The birth of a child with special needs, or a child's injury or disease during his lifetime, involves a long process of challenges, pressures and crises, and for many families it is a tremendously heavy burden. Beyond the difficulties of coping with the illness, these suffering children lack any significant group of friends because of both their physical differences and the many long medical treatments they endure.
Simcha Layeled’s personal mentoring (or “Big Brother/Big Sister”) program is our flagship project. Its objective is to accompany and aid these children, who are sick or have special needs, throughout the year.
The project provides sick children with support coupled with a social framework and tools for integrating into the larger society. Within the framework of this project, every child is assigned a personal mentor who accompanies him through the year: on a scheduled weekly basis at home, during regular hospital visits, and when escorting him to parties, fun days and camps organized by “Simcha Layeled".
The close bond this creates is a great help to the daily routine of the sick child and his family. And the relationship between the child and his counselor positively affects not only his psychological and social state, but also contributes to his medical welfare, enabling him to better cope with the disease.
Each child and every counselor belong to a larger “mentoring group”, providing the children a unique, ongoing social network to which they can belong. Each of the mentoring groups is led by a group coordinator, who himself is guided by a social worker.
Every six weeks, outings are organized for the mentoring groups. This outing is a great opportunity for strengthening social bonds between the children, and to strengthen their ties (and sense of belonging) to the group and its goals.
Twice a year, during winter and summer, the project's participants and counselors enjoy travelling to beautiful and unique camp programs.
• Children with chronic or genetic diseases.
• Children with rare conditions that affect their functioning and adjustment
• Children with physical disabilities.
• Children within lengthy rehabilitation processes stemming from traffic accidents or terrorist attacks
The participants’ ages:
The participants in this project are children aged 6-18, broken down into the following groups:
Ages 6 to 12: a boys group and a girls group.
Ages 12 to 16: a boys group and a girls group.
Ages 16 to 18: a teenage boys group and a teenage girls group – focusing on life skills and preparation for adult life.
The Teenage - Life Skills group:
The teenage groups function in a the same format as the younger “big brother/big sister” mentoring program's format. These teenagers additionally have unique goals and characteristics – this is a skill-building group. Here the participants are involved in taking care of the organization's younger children (each participant according to their abilities), in a supervised setting where they can receive feedback on their performance. Most participants volunteer in hospitals, visit hospitalized children, assist in preparing the organization's events, organize birthday parties for other participants, and more.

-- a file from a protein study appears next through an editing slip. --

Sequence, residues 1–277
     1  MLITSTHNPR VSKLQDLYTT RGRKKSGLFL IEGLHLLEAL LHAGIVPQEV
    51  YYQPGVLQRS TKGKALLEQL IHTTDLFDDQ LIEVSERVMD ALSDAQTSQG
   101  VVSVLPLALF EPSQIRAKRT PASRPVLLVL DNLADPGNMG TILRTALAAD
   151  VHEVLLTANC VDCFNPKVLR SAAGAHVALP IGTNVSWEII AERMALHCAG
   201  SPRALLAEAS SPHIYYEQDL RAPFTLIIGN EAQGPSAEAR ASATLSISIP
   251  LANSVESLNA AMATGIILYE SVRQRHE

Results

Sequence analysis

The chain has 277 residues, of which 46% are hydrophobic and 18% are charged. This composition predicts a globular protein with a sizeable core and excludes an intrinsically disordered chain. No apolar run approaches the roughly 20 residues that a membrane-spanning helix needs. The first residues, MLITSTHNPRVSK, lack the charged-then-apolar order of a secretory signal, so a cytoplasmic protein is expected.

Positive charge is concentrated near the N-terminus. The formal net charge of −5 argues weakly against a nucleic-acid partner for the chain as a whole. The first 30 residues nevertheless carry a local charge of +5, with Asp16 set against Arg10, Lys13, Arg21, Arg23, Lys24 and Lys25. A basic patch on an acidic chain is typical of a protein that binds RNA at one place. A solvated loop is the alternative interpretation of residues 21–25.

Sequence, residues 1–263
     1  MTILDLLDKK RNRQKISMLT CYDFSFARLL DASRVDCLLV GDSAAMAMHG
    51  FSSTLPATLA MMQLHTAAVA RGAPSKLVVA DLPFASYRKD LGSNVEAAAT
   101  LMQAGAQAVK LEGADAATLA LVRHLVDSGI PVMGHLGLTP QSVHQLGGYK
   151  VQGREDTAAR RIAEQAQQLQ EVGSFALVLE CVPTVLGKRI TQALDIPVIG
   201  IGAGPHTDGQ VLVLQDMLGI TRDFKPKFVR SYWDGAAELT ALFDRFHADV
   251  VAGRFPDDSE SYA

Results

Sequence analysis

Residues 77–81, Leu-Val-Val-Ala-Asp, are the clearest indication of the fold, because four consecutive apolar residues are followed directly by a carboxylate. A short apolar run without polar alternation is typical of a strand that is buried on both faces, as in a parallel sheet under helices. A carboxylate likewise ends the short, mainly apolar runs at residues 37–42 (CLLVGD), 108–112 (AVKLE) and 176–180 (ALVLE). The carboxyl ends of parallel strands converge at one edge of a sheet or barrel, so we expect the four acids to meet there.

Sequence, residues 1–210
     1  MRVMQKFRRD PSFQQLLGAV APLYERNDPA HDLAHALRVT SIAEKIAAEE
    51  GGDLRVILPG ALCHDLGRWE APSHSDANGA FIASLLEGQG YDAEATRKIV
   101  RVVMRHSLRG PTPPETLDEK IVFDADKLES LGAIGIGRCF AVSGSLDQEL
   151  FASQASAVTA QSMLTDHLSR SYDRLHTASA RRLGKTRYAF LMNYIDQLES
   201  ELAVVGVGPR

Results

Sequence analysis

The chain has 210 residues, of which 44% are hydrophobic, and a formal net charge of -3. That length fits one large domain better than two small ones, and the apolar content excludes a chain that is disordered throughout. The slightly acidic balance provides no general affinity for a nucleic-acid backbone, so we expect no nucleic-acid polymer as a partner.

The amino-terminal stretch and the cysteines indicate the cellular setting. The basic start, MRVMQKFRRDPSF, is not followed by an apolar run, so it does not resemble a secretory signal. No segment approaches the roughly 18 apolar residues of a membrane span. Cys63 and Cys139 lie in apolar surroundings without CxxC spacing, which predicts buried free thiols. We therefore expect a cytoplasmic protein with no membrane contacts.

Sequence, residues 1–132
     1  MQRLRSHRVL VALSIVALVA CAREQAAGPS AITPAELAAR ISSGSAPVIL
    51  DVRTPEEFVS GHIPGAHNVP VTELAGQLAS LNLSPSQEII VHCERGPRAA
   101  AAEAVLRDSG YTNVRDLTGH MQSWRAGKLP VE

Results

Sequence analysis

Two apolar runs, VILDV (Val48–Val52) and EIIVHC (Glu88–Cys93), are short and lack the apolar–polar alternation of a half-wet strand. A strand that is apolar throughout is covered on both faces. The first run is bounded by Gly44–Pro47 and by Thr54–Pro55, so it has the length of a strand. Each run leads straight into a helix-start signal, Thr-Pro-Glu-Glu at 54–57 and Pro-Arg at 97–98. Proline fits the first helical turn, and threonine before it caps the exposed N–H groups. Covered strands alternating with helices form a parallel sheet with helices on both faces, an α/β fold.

The teenage participants, being at the age and stage in life where they are about to set off into adult society, require a good deal of preparatory work. The group coordinator and Simcha Layeled's social worker work with the participants throughout the year to prepare them for this next phase of their lives. Significant therapeutic work is required in many areas: in improving self-worth and self-esteem, identity formation, in creating dialogues with the participants to help them grasp their differences and disabilities, in interpersonal communication and development of intimate relationships, in finding a place in society, in building life skills, in creating a feeling of independence, and in planning for the future.
Simcha Layeled works to find continuing frameworks and jobs for our 18-year-old participants. A personal meeting is held with each and every participant in order to direct and assist them in finding and integrating into suitable programs. We work in cooperation with the People's Volunteering Association, Sherut Leumi, the IDF (Volunteers Department) and various institutes of higher education.
Currently the organization boasts 180 active mentors, divided into 13 groups.
"It is undoubtedly vital to take the children on trips and fun days once in a while, but the real benefit for the children, without a doubt, is the constant, daily contact with their personal mentor...” - tells the mother of A., a participant.